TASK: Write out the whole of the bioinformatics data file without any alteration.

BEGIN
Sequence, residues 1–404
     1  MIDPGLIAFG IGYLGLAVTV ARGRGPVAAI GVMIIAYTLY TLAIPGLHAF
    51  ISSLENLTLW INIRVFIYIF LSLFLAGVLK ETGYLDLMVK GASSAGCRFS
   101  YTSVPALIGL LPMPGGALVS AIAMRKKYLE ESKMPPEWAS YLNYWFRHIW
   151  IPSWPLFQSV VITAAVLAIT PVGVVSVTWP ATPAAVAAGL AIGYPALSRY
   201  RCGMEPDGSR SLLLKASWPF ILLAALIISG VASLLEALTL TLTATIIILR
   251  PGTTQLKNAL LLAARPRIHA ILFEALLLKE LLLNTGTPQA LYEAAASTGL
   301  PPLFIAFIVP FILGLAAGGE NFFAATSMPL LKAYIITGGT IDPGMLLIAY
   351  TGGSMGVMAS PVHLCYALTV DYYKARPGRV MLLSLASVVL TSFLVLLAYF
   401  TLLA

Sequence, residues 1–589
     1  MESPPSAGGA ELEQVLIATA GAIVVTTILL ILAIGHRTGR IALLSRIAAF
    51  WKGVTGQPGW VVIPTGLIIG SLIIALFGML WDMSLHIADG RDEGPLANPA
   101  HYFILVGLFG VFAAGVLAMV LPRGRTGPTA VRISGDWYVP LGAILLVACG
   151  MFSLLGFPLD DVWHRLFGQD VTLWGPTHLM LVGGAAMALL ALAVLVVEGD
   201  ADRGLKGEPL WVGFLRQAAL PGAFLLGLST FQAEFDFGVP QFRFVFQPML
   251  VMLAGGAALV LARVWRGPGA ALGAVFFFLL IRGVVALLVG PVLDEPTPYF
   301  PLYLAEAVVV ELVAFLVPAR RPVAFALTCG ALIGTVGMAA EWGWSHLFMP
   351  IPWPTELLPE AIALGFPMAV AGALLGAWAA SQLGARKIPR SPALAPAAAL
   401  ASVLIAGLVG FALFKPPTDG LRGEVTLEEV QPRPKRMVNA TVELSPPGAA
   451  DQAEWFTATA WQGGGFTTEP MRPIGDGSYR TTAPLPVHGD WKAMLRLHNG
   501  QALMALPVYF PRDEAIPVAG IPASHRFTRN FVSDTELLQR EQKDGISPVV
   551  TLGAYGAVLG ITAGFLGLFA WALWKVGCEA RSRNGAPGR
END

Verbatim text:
Sequence, residues 1–404
     1  MIDPGLIAFG IGYLGLAVTV ARGRGPVAAI GVMIIAYTLY TLAIPGLHAF
    51  ISSLENLTLW INIRVFIYIF LSLFLAGVLK ETGYLDLMVK GASSAGCRFS
   101  YTSVPALIGL LPMPGGALVS AIAMRKKYLE ESKMPPEWAS YLNYWFRHIW
   151  IPSWPLFQSV VITAAVLAIT PVGVVSVTWP ATPAAVAAGL AIGYPALSRY
   201  RCGMEPDGSR SLLLKASWPF ILLAALIISG VASLLEALTL TLTATIIILR
   251  PGTTQLKNAL LLAARPRIHA ILFEALLLKE LLLNTGTPQA LYEAAASTGL
   301  PPLFIAFIVP FILGLAAGGE NFFAATSMPL LKAYIITGGT IDPGMLLIAY
   351  TGGSMGVMAS PVHLCYALTV DYYKARPGRV MLLSLASVVL TSFLVLLAYF
   401  TLLA

Sequence, residues 1–589
     1  MESPPSAGGA ELEQVLIATA GAIVVTTILL ILAIGHRTGR IALLSRIAAF
    51  WKGVTGQPGW VVIPTGLIIG SLIIALFGML WDMSLHIADG RDEGPLANPA
   101  HYFILVGLFG VFAAGVLAMV LPRGRTGPTA VRISGDWYVP LGAILLVACG
   151  MFSLLGFPLD DVWHRLFGQD VTLWGPTHLM LVGGAAMALL ALAVLVVEGD
   201  ADRGLKGEPL WVGFLRQAAL PGAFLLGLST FQAEFDFGVP QFRFVFQPML
   251  VMLAGGAALV LARVWRGPGA ALGAVFFFLL IRGVVALLVG PVLDEPTPYF
   301  PLYLAEAVVV ELVAFLVPAR RPVAFALTCG ALIGTVGMAA EWGWSHLFMP
   351  IPWPTELLPE AIALGFPMAV AGALLGAWAA SQLGARKIPR SPALAPAAAL
   401  ASVLIAGLVG FALFKPPTDG LRGEVTLEEV QPRPKRMVNA TVELSPPGAA
   451  DQAEWFTATA WQGGGFTTEP MRPIGDGSYR TTAPLPVHGD WKAMLRLHNG
   501  QALMALPVYF PRDEAIPVAG IPASHRFTRN FVSDTELLQR EQKDGISPVV
   551  TLGAYGAVLG ITAGFLGLFA WALWKVGCEA RSRNGAPGR